As Vukovar breathed it final breaths a few days before the city fell, several shells struck a civilian shelter in the basement of the already destroyed Eltz Castle. Several dozen people sought refuge in the basement, known as the Vučedol Drop and did not escape the danger as eleven people were killed, including the Aleksander family.
I was sitting in the room when I heard someone screaming, ‘People… help!‘ and then heard someone fall down the stairs. I ran to the hallway where I found some people already trying to help Emil who lay in a pool of blood. Someone then shouted, ‘A bomb fell on other shelter’ and a group of men ran out to help them. They tried to calm Emil down and ten minutes later paramedics arrived and carried him out on a stretcher. Those who had just run out to assist the people in the other shelter returned sombre and in shock. A tank shell pierced the ruins above the shelter and exploded. A dozen people were dead or wounded, among which were Emil’s child, wife and her mother. That same night, Emil died in the hospital. Just like that, a single grenade wiped an entire family off the face of the earth.Alenka Mirković-Nađ, journalist, Croatian Radio Vukovar
Emil Aleksander was born on 19 August 1959 and worked at Osijek Telecom before the war. He was talented in music and sports, playing trumpet and trombone for the Vukovar Voluntary Fire Brigade Brass Band and rowing for the Vukovar Rowing Club. He was married to Vlasta (nee Genčić) from Osijek who worked as a physiotherapist at the Vukovar Hospital and their son Matej was born on 20 July 1989. When the war began, Vlasta and Matej took refuge in the aforementioned Vučedol Drop shelter in the center of the city.
One basement was used by civilians while the other was used by the 204th Vukovar Brigade, of which Emil Aleksander was a member. He maintained the equipment that allowed the hospital to communicate with Zagreb during the Battle of Vukovar. During one break, Aleksander left for a nearby shelter to meet his family for lunch when it was hit by deadly shelling. Badly wounded, he managed to find the strength to call for help but it was too late for his son, wife and her mother who were also in the basement.
Little Matej became my dearest friend in that basement where we suffered, that dark basement that echoed with our smiles, in that evil where we still saw only good, not really grasping what was happening outside. That day we played as we did every day and then the worst happened … The last image in my memory is in the van where Matej and I were placed opposite each other… where I looked upon at him so bloody and wounded. His eyes were open but he didn’t move so I thought that he was simply scared… then I turned to him and said ‘Matej, your shoelace is undone’ and that I could I tie it for him. The medical staff transporting us looked at me sorrowfully and I immediately did not realize why, that they watched me address my little friend who is no more… Matej’s father Emil saved us by calling out for help even though he himself was badly wounded. That day I lost a friend, my grandmother and experienced something that nobody let alone a child should experience…Sanela Vidić Križić, witness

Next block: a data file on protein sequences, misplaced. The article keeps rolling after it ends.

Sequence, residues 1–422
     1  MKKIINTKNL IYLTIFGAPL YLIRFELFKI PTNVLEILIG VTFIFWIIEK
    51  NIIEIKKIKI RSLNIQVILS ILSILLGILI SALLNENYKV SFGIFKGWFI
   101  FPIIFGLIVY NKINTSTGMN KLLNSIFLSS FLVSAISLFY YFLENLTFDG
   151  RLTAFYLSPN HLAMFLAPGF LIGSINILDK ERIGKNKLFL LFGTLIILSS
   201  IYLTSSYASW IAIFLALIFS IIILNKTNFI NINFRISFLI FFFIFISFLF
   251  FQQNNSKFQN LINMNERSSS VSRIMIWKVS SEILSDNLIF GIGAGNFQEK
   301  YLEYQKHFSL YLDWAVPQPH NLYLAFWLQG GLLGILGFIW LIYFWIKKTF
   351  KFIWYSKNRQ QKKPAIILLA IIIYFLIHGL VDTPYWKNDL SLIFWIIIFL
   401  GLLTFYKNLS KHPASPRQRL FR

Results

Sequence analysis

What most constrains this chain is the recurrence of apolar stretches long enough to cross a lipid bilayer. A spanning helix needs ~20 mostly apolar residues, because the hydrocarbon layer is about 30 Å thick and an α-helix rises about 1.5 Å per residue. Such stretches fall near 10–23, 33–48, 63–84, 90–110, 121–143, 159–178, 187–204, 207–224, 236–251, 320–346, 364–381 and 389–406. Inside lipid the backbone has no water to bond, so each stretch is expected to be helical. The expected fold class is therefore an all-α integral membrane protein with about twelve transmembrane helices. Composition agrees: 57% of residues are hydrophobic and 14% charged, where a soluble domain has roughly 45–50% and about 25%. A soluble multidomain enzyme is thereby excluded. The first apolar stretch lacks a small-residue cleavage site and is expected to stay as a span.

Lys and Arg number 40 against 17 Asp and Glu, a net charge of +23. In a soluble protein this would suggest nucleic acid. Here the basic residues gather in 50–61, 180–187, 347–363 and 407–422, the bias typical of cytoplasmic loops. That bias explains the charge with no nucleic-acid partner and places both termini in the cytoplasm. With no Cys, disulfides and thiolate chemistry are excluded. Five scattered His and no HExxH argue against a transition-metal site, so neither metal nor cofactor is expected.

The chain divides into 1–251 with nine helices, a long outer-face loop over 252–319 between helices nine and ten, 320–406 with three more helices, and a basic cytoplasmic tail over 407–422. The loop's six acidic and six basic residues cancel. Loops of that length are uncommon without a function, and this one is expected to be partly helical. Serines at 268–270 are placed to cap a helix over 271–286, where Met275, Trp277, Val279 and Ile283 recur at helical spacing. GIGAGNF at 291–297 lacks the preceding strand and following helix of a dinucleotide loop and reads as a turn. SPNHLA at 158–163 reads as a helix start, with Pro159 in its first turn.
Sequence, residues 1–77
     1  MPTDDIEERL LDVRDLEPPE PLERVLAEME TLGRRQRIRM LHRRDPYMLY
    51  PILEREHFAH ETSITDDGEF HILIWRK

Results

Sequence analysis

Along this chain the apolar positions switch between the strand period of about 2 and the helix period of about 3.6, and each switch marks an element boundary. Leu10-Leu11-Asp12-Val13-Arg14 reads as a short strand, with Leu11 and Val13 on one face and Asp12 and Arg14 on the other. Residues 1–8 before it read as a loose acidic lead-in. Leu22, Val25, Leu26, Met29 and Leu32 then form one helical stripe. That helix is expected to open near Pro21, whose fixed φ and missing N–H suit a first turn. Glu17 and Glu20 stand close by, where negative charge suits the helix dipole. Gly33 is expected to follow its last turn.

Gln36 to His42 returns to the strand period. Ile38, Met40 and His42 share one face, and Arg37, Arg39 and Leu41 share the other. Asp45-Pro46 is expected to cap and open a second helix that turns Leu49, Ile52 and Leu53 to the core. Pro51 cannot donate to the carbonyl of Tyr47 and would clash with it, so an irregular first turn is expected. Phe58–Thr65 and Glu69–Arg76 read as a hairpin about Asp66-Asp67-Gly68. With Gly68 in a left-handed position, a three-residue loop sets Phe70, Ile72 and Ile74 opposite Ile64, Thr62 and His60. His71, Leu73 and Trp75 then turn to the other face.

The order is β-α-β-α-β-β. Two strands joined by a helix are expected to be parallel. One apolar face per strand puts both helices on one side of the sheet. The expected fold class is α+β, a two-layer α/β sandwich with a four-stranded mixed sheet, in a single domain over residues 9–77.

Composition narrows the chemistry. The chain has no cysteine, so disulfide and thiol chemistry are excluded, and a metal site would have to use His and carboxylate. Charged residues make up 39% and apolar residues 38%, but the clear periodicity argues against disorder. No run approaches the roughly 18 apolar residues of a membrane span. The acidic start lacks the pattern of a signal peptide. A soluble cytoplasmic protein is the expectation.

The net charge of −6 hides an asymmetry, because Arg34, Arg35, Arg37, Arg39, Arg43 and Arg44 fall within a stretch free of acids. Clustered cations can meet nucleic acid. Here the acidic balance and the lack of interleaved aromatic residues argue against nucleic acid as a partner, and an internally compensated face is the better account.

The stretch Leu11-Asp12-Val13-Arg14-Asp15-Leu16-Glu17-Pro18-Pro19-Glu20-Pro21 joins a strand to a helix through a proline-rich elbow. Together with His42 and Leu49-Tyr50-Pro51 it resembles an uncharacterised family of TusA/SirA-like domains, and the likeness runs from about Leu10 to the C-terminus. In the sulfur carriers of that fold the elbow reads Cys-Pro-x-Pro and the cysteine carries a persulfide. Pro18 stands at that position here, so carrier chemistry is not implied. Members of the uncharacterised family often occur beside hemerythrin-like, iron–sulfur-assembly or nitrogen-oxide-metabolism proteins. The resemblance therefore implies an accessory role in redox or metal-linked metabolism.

This terrible tragedy took on an added dimension when Serbian propaganda portrayed the body of little Matej, wrapped in a green hospital sheet, as a Serbian victim killed by Vukovar’s defenders and the Croatian National Guard (CNG) in the Serbian daily “Politika Express”. Little Matej Aleksander was not the only victim of Greater Serbia aggression that depicted in such a manner. Following the peaceful reintegration of the Croatian Danube region, his body was exhumed at the New Cemetery while his parents were found at the other end of the mass grave. Today, the entire family rests together in Vukovar at the Memorial Cemetery for the Victims of the Homeland War.
Galović, Ani. Mama ne vidim nebo. Bizovac: Ogranak Matice hrvatske u Bizovcu, 2020
Mirković, Alenka. 91,6 MHz – glasom protiv topova. Zagreb: Algoritam, 1997
Branimir Bradarić: „Oca, majku i dvogodišnje dijete u skloništu ubila ista granata“, Večernji list, access achieved November 10, 2020, https://www.vecernji.hr/vijesti/oca-majku-i-dvogodisnje-dijete-u-sklonistu-ubila-ista-granata-347307
Tomislav Mamić: „MARIJANA I SANELA: MI SMO DJECA RATNE VUKOVARSKE BOLNICE Dvije djevojčice susreću se na istom mjestu 26 godina poslije“, Jutarnji list, access achieved November 10, 2020, https://www.jutarnji.hr/life/zivotne-price/marijana-i-sanela-mi-smo-djeca-ratne-vukovarske-bolnice-dvije-djevojcice-susrecu-se-na-istom-mjestu-26-godina-poslije-6757719
Graduated with a Master’s Degree in History from the University of Zagreb. He has worked at the Croatian History Museum and as a researcher for the popular TV Calendar program for Croatian Radio and Television. He has authored several books and documentaries about Croatia’s Homeland War and is the creator/producer of the immensely popular “It Happened on this Day – Homeland War” Facebook page as well as the online portal Domovinskirat.hr. Borna also is the host and editor of the daily segment “Patriotic Minutes” on Croatian Catholic Radio. He created CroHis to promote the values of the Homeland War and ensure that the sacrifices of those who defended Croatia’s independence would not be forgotten.